4th Sunday of Lent – 22nd March 2020 – John 9,1-41
Irony of blindness and truth
The narration of the healing of the blind man can be divided into three sections: introduction to the healing (9,1-5); description of the healing (9,6-7); and reaction to the healing (9,8-41). The narrative includes several characters: the blind man, Jesus, the disciples, the Pharisees, and the blind man’s parents. As in John 3 and 4, the religious instruction is conveyed through dialogue in this narrative.
This account of Jesus healing the blind man functions as a commentary on Jesus’ claim: “I am the light of the world” (9,5; 8,12), which links these two chapters. The only way people can approach the light of God shown in the person of Jesus is acknowledging their own blindness. This chapter exemplifies the movement from unbelief to belief, and opinions about Jesus’ identity and ‘work’ separate those who believe in him or not. With the blind man’s declaration “Lord, I believe” (9,38), he demonstrates the kind of faith that is required for salvation. Sinfulness is the secondary theme. Both Jesus and the man were considered sinners by popular culture (9,2.24.34). Jesus reply disconnects the linkage between sickness and sin. Instead Jesus does the healing to disclose the glory of God. In another sense, the man is also a foil for the blindness of the Pharisees, a poignant example of an irony: a blind man who sees what the religious authorities do not (9,39-41). The chapter starts with a man born blind assumed to be a sinner (9,2) and ends with some of the Pharisees who are declared sinners because they pretend to “see”.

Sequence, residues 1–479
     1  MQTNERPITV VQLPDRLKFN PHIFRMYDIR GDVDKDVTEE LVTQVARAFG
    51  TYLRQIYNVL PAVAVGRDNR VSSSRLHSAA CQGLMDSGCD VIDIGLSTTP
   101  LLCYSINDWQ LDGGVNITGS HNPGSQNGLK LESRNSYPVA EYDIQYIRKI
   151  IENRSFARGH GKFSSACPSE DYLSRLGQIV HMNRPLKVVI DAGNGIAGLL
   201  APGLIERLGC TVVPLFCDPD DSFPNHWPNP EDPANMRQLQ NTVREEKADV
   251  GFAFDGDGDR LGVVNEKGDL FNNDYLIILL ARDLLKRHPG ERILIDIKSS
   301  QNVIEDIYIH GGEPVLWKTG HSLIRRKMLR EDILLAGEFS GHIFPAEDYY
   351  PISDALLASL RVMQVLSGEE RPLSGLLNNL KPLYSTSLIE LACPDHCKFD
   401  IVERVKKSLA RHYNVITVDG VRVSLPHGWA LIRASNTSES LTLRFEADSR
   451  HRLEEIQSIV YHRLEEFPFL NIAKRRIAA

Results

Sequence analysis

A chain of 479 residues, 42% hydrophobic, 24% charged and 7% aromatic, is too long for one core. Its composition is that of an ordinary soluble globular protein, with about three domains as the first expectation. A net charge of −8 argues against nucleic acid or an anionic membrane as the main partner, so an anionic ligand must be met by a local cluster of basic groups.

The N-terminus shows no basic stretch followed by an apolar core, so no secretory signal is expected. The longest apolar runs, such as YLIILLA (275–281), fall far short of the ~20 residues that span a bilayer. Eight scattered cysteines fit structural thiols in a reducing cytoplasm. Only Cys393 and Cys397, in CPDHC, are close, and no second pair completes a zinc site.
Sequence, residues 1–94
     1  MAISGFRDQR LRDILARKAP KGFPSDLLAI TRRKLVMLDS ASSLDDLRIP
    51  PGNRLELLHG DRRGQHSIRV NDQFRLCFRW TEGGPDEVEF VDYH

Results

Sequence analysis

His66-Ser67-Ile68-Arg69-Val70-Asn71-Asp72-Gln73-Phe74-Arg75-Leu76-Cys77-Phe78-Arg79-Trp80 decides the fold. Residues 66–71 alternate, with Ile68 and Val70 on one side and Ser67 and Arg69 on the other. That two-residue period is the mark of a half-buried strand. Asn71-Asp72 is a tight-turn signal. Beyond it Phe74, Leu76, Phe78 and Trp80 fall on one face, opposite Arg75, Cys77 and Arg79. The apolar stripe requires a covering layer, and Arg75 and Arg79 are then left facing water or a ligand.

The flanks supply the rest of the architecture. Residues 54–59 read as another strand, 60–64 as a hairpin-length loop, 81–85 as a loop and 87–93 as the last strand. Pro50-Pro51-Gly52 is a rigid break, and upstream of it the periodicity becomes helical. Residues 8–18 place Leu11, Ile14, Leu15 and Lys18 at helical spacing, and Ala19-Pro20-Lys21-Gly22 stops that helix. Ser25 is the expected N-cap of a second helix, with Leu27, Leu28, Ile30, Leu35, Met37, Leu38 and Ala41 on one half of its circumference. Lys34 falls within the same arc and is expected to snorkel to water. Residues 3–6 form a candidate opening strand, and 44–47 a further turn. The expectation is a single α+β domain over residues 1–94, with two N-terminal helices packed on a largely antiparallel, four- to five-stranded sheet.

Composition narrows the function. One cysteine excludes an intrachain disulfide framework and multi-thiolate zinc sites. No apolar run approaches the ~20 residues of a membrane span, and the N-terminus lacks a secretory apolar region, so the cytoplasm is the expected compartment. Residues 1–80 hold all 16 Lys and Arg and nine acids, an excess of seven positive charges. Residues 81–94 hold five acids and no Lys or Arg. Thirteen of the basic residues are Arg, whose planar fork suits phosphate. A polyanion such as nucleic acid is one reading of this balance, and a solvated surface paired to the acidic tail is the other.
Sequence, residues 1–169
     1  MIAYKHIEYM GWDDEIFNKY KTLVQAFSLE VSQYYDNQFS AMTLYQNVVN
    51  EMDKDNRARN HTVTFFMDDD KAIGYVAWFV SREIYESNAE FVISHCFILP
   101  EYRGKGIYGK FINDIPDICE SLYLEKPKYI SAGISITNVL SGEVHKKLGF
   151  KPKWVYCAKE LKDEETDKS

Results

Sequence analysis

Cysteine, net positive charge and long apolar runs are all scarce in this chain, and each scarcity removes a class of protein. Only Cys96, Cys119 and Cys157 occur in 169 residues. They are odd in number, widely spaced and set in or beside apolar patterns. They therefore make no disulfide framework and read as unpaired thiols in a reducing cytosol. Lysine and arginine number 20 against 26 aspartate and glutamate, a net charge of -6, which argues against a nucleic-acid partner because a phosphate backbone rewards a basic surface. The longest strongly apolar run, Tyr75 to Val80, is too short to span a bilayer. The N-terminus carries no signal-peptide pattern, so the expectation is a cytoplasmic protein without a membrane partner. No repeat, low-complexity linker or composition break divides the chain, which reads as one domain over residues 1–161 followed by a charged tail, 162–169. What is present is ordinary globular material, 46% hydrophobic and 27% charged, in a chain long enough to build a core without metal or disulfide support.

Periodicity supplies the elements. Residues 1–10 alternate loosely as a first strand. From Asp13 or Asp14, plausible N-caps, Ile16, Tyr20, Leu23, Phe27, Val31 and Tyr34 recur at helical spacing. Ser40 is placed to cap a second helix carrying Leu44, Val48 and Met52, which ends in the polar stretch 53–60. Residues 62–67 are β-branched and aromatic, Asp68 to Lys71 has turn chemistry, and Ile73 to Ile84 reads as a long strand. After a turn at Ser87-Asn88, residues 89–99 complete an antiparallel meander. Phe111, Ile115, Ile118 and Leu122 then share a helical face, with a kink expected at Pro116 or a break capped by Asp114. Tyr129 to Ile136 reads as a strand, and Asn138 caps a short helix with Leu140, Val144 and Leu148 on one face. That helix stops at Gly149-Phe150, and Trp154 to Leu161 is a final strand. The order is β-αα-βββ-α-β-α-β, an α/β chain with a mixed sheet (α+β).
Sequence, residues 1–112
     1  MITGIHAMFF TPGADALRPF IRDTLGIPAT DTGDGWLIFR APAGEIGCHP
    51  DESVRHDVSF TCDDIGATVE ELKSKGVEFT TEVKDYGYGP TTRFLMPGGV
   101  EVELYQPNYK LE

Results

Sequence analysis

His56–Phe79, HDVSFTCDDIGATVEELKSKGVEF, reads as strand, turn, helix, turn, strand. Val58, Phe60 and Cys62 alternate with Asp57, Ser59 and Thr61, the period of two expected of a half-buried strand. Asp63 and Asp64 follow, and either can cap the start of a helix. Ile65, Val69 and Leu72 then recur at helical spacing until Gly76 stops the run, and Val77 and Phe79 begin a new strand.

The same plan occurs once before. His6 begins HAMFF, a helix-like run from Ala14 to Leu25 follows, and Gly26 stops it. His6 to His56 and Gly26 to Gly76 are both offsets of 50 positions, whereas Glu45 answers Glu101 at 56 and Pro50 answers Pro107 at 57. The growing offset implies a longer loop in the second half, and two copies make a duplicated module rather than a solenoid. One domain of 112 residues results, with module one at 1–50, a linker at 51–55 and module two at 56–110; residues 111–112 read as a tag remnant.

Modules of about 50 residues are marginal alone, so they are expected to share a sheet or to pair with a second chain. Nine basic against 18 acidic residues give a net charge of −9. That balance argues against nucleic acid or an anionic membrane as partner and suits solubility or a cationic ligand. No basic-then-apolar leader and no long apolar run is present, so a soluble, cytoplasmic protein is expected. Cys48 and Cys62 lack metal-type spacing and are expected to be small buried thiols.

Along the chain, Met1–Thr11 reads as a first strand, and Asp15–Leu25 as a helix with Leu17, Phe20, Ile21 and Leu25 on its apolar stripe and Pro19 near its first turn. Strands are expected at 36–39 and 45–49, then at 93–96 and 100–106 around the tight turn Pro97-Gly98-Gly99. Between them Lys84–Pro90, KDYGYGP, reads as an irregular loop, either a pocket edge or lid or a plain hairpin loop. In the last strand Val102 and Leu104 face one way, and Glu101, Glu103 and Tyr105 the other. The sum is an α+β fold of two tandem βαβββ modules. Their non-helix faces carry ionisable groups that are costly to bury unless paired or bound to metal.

As the attitude of the religious authorities hardens and darkens, the man born blind grows in insight that he went through various stages of advancing sight. Before receiving the sight, the man never saw Jesus. After his eyes had been anointed (9,6), he identified his healer, Jesus, as an ordinary person (9,11) and doesn’t know from where he was. Next when pressed by the Pharisees he expresses his belief that Jesus is a prophet (9,17). Later, after his parents had shied away from confessing Jesus to be the Christ (9,22), he boldly rebuts the charges of the Jewish leaders and asserts that Jesus is indeed from God (9,33). And finally, when he was driven out, Jesus finds him and reveals himself fully to him as the Son of Man. The man bows down before him in worship (9,37-38), the only time in this Gospel that anyone is said to do this. We notice, as the narration progresses, “blindness” moves from a physical to a spiritual level. By the end, the blind man not only sees in physical way but also believes, and receives spiritual light. Thus the blind man, unlike his parents, becomes courageous to say again and again what he knows, to speak truth to power, to tell what he can about the amazing grace by which he has been touched. On the other hand, his Jewish interrogators become more and more blind. They go from a rather divided and critical acceptance of the healing (9,13-16), to disbelieving that it ever happened (9,18), to vilifying the man’s effort to bear witness to it (9,24-34). They end in abiding sin (9,41). The Jews are ironical in their behaviour. They invoke God, but in fact deny God; they ask for the truth, yet they refuse the truth; and they say they know, but they do not. Thus truth and reality are elusive – a context which is very appropriate to a story of blindness and sight.